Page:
The fun and the frustration of creative work are two sides of the same coin. Treat every project like it’s your first. Marc Edwards shared a fantastic anecdote about this recently. He recalls what it was like to work with a lead designer who, from the outside, appeared to be an indecisive flake:

Then it clicked.

He’d intentionally try different and crazy things, knowing that most wouldn’t work. He didn’t care. He didn’t care and it didn’t matter — we’d end up in places we never would have if we over thought the layout. The question wasn’t “what is the best way?”, but “what are the many ways?”, deferring judgement until the last possible moment. Judgement may feel good, but it has no value. The value is in the outcome.

And the outcome was often solid, stunning designs that were unconventional. Non-obvious solutions. From the outside and to other art directors, it appeared magical. But, from within the process, far less nuanced and intentional.

  1. See the 2012 iPad mini announcement here. Schiller’s comments begin around the 11:52 mark. 

|  May 18 2014

No Friday App Design Review This Week

I meant to post this yesterday, but there will be no Friday App Design Review this week. Family is visiting us. I’m working on a special post for iOS devs next week, though.

|  May 17 2014

AutoLayout Myths, Table View Performance, and Side-by-Side iPad App Multi-tasking

With the prospect of a new iPhone form factor and/or side-by-side iPad app multi-tasking on the horizon, iOS app designers and developers are likely to face new challenges when building their apps. Since it was introduced, a lot of people have championed AutoLayout as the cure for these challenges. This post is going to debunk that myth. Or more fairly, this post will show the limits of what problems AutoLayout is able to solve.

Multiple Layouts

For the purposes of this post, let’s assume you’re an iOS app developer planning the architecture for an app like Unread. We have to plan for scrollable table views with as many as 20,000 rows. Each row has a dynamic height based on several factors:

So, given a container with width w, how should we layout our elements?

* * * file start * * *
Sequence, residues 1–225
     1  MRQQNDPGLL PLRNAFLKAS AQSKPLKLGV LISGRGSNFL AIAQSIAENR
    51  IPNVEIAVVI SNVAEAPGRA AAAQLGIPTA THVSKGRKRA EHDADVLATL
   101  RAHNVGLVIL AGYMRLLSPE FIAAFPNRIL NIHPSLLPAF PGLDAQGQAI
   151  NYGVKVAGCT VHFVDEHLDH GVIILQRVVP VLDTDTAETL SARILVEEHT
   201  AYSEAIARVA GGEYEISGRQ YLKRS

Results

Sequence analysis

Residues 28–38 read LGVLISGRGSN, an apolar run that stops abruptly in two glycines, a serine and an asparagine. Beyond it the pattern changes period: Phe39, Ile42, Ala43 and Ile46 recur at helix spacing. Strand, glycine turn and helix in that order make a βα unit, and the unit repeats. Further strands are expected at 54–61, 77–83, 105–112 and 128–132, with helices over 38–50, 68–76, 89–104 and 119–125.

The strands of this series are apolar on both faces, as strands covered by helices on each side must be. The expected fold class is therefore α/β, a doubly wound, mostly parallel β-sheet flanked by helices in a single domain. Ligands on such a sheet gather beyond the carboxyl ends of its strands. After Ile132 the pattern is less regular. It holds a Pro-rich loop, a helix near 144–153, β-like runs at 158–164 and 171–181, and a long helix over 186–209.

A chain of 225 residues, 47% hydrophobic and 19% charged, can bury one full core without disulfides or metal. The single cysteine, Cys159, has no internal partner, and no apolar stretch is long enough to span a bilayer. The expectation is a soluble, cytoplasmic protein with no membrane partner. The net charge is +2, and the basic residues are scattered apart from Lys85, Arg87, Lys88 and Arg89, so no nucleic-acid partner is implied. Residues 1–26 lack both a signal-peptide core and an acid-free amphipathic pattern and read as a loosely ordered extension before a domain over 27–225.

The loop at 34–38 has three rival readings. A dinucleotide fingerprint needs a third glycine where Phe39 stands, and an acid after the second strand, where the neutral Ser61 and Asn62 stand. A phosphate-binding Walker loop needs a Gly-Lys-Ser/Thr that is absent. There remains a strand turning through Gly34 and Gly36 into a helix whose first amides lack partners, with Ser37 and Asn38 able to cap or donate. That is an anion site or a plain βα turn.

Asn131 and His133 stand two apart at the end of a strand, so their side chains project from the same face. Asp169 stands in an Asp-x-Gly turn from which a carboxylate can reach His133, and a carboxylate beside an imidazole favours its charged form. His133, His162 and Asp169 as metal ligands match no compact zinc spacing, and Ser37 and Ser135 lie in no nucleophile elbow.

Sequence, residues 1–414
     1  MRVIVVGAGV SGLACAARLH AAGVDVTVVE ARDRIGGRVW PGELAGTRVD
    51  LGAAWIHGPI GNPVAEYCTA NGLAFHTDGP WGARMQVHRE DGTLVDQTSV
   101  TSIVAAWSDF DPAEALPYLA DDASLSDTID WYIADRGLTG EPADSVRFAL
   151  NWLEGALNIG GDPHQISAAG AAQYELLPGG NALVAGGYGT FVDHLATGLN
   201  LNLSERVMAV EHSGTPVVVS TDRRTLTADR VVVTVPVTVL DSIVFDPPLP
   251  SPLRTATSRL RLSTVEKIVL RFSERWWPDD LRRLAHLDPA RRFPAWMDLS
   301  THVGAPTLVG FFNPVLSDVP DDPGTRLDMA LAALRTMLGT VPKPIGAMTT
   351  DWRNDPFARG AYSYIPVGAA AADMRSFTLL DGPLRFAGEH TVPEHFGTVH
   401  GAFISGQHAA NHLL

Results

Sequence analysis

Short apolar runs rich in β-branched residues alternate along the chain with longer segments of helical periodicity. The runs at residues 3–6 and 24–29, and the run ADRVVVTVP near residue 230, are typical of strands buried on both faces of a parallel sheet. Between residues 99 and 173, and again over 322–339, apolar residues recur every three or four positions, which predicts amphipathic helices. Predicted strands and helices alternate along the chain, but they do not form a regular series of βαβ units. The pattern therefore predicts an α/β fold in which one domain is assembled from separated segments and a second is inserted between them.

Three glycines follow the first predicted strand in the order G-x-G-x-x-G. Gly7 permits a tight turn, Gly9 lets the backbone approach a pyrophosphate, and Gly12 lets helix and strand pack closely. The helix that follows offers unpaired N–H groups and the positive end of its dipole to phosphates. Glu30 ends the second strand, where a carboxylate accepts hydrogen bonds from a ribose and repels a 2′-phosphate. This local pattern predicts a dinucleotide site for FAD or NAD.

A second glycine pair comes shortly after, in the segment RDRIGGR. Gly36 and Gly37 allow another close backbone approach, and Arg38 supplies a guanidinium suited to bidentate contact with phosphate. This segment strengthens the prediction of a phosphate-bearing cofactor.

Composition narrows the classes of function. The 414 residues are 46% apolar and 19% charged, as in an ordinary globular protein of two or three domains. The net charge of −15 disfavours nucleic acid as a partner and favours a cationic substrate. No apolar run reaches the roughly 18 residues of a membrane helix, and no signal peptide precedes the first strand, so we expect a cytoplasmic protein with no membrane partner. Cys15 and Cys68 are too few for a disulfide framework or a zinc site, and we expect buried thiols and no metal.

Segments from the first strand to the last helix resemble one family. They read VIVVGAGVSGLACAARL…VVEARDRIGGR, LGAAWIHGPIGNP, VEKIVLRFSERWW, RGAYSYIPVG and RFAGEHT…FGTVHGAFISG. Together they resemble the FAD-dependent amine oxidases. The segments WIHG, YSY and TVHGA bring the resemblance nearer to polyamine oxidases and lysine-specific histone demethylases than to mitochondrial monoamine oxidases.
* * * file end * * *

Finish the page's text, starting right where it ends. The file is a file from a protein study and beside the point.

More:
As the developer, we’ve been handed some design mockups which we’ll use to write code that calculates the size and position of all our elements. Given a container with width w1, our layout might look like this:

The math and logic required to calculate the position of all these interface elements can potentially become very complex. It is this problem that AutoLayout is designed to solve. AutoLayout makes it easier to write and debug code that calculates the layout of a set of interface elements for a given container size.

It’s important to note that you can’t assume that the container width will always be equal to w1. Apps might have to handle at least two possible container widths: portrait and landscape. So what does our layout look like for a second width w2?

This layout is much different from the first one. AutoLayout makes it easier to calculate the correct positions of all these elements. But as the app developer, your problems are much bigger than just calculating a layout for a given container. You also have to deal with extrapolating that calculation across thousands of model objects and many possible containers. This problem is much more difficult and is beyond the scope of AutoLayout.

Cell Heights and Performance

Notice that the second layout above produces a different total height than the first. What are the implications now that your app has two layouts with two different heights?

When a table view is loading, it needs to know how many rows it will display and how tall each individual row will be. For designs that produce dynamic row heights (as the design above does), these metrics can be very expensive to calculate. You don’t want your app to pause for several seconds while calculating these heights. So what are your options?

Pre-calculation is a better solution, if you can pull it off. It’s difficult to do correctly. There are many factors to consider:

iPad Multi-tasking & Performance

In the example above, your app was already strained to achieve good performance with only two layouts of static widths. If iOS 8 allows iPad apps to enter a multi-tasking mode with dynamic widths, this would exponentially increase the difficulty of achieving good table view performance. Pre-calculation would be practically impossible.

Assuming the estimated row height API is still buggy and pre-calculation is impossible, the only other alternative would be for devs to start over from the beginning with a design plan that doesn’t allow elements with dynamic heights to also have dynamic widths. This would make good performance achievable, but it would defeat the purpose of a flexible app container. It is for this reason that I think if Apple adds iPad app multitasking, it will only be by scaling app containers without changing the underlying logical widths (768 or 1024 points for portrait or landscape respectively).

The Point

The point to remember is this: AutoLayout makes it easier to calculate a single layout for a single container, but it is irrelevant to the challenge of efficiently calculating a large number of layouts for multiple possible containers.

|  May 13 2014

Friday App Design Review – AnyList, Shared Grocery Lists

Every Friday I will post a detailed design review of an iOS app. If you’d like your app to be considered click here for more information. I am also available to consult privately on your projects.